When the attack is successful, the database query is altered and will return the attacker’s information. SQL injections can also modify or add malicious data to the database.
A DDoS (Distributed Denial of Service) attack is a non-intrusive Internet attack. It is designed to take down a targeted website. It also works by flooding the server, network, and application with fake traffic to slow it down significantly.
Credential Brute Force Attacks
A credential brute force attack involves a very straightforward process. An attacker will program a script that will try out multiple usernames and password combinations until it finds one that works. Once they gain access, attackers can launch various malicious activities, from stealing credit card information to launching spam campaigns.
Website Malware Attacks and Infections
When hackers gain unauthorized access to your website, they can:
- Drop a backdoor to retain access
- Inject SEO spam on the page
- Use visitors’ computers to mine cryptocurrencies
- Redirect visitors to scam sites and show unwanted ads
- Launch attacks against other sites
- Collect credit card data or visitor information
- Run exploits on the server
- Store control scripts and botnet commands
Keeping Your Website Secure: Best Practices
Keeping your website secure is the best practice. Safeguard your website from all forms of online attacks by keeping in mind the following:
Every day, numerous websites are compromised due to outdated software. That said, consider updating your website as soon as a new CMS version or plugin is available. The latest updates might patch a vulnerability or contain security enhancements.
It is essential to keep in mind that the majority of website attacks are automated. Bots scan sites to look for exploitation opportunities.
In some cases, updating once a month would no longer suffice. Otherwise, bots might find a vulnerability before you even get a chance to patch it.
Website firewalls can also come in handy as it patches a security hole once updates are released.
If you are running a WordPress website, it would be good to get the WP Updates Notifier plugin. The plugin will notify you through email if a core update or new plugin is available.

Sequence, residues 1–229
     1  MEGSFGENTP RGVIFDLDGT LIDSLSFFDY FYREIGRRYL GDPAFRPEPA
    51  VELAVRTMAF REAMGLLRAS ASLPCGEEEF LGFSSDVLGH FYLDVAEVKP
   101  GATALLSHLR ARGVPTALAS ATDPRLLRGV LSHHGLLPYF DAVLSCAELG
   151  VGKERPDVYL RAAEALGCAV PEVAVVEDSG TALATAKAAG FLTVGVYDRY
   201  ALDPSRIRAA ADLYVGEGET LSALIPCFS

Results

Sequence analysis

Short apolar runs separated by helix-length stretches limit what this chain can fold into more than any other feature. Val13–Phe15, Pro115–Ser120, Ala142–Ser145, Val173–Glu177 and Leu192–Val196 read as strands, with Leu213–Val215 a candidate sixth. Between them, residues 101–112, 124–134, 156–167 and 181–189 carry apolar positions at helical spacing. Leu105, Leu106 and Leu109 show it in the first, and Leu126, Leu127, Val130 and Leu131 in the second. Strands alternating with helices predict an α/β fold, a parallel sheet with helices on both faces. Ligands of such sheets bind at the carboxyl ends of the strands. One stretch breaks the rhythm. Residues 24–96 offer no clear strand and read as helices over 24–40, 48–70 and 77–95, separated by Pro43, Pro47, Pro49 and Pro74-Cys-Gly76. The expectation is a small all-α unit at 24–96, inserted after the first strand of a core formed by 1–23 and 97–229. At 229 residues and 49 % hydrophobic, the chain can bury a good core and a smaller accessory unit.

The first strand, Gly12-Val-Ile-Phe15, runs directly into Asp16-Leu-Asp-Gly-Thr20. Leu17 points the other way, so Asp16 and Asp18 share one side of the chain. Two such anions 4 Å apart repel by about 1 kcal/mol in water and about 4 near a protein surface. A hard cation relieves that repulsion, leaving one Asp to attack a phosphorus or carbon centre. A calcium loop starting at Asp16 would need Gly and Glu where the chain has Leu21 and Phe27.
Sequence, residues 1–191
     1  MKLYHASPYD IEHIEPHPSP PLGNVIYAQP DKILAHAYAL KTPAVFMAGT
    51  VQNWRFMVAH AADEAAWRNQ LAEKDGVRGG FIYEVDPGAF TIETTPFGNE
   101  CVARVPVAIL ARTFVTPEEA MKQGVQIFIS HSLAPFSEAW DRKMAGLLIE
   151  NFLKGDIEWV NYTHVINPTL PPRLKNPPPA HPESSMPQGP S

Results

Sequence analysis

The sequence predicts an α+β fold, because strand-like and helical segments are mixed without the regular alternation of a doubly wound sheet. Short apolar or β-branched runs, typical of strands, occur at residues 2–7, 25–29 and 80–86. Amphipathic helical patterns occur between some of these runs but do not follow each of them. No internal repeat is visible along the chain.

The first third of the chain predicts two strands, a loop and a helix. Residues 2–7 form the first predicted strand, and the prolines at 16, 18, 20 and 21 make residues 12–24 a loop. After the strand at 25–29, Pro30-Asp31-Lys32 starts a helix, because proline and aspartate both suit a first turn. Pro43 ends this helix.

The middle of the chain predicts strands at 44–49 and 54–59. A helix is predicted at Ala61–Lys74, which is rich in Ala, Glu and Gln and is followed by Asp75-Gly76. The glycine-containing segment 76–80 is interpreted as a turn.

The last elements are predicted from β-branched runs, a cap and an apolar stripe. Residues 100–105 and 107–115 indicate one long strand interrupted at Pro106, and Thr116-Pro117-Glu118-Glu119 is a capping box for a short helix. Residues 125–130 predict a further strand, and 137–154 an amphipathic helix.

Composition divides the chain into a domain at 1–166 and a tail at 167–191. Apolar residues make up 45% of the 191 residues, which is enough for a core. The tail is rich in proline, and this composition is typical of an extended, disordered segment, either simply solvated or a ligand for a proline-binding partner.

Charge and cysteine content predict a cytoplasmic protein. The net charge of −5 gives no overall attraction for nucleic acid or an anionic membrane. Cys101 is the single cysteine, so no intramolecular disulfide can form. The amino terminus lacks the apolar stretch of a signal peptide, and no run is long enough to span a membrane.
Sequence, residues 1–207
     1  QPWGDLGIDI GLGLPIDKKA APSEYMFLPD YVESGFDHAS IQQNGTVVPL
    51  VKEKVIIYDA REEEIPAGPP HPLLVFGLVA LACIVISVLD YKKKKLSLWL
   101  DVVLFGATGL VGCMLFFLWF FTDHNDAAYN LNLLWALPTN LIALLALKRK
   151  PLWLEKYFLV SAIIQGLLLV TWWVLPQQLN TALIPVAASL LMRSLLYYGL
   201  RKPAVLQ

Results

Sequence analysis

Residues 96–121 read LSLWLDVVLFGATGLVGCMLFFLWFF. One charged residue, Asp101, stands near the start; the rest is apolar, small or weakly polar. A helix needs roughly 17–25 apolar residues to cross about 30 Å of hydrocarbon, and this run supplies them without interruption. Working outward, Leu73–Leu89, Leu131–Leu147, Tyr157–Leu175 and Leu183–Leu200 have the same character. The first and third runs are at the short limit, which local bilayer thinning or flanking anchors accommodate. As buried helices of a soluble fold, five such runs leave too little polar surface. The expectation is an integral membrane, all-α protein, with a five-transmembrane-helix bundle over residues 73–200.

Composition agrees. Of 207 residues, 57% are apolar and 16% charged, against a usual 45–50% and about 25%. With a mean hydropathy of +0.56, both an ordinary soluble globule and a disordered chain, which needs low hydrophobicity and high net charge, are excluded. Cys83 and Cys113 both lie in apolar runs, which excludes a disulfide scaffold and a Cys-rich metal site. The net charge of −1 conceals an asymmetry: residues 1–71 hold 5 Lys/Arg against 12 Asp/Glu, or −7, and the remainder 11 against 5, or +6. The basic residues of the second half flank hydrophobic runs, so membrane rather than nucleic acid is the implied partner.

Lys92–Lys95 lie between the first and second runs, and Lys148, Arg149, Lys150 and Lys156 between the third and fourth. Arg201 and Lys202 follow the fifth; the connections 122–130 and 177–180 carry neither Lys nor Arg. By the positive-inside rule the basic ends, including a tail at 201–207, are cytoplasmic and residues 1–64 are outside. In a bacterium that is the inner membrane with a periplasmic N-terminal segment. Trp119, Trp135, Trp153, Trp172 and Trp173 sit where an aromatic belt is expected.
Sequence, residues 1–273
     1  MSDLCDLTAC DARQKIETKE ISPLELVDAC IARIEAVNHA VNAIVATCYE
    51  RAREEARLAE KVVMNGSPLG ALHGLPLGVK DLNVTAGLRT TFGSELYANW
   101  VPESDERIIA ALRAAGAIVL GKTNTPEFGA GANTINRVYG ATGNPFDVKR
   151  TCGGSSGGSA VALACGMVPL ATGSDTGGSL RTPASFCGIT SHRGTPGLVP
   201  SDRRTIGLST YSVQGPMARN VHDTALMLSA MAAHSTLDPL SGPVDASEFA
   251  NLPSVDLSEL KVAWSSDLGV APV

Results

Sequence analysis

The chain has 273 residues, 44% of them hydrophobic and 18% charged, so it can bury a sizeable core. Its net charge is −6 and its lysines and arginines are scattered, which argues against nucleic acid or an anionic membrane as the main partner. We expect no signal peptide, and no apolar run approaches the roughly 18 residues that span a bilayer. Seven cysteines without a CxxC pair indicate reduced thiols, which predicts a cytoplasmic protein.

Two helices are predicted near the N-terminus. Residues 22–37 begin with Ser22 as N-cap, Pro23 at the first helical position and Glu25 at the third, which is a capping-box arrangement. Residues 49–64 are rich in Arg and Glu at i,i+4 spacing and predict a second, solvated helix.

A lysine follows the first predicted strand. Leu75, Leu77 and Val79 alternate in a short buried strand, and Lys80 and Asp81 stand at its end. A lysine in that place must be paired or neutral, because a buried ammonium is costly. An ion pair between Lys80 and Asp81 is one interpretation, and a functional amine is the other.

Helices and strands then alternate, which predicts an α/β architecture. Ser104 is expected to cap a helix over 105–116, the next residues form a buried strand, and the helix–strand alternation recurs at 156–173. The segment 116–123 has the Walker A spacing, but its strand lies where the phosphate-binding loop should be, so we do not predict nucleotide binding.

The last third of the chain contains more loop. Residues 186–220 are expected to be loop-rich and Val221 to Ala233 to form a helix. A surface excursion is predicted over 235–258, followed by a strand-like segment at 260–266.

Create strong passwords
To clean infected websites, remediators will log into a client’s server or site using the admin user details. Most are surprised to find out how weak most root passwords are. It may not be common knowledge, but there are many lists of breached passwords available online.
Most hackers combine those passwords with dictionary word lists to end up with a more extensive list of likely passwords. If the password you are using is on the list, it will only be a matter of time until your site gets compromised. Create long and unique passwords.
Limit user permissions and access
Two integral parts of user management that tend to get overlooked are accountability and monitoring.
Ideally, you should have a separate account for every user, so you can easily keep an eye on their routine behavior (i.e., when and where they usually access the site).
If you see login at an odd hour or from a suspicious location, you can investigate right away.
Keeping an audit blog is also one of the easiest ways to detect suspicious website changes early. An audit log is a document that records the events in your site so you can easily spot anomalies and confirm if the account has been compromised.
If you are using a WordPress site, you can download free security plugins from the official WordPress repository.
Install an SSL certificate
SSL certificates encrypt data in transit between the client (web browser) and the host (firewall or webserver). They ensure the information is not intercepted and sent to the correct server.
Some types of SSL certificates like extended validation SSL or organization SSL provide an additional layer of credibility and allows visitors to see your organization’s details and validate that you are a legitimate entity.
If you have not taken any steps to secure your website, now is the best time. Keep in mind that a secured website will not only protect your visitors but your business, reputation, and revenue as well.
By Anthony Tisara. Follow the team on Twitter @mybizniches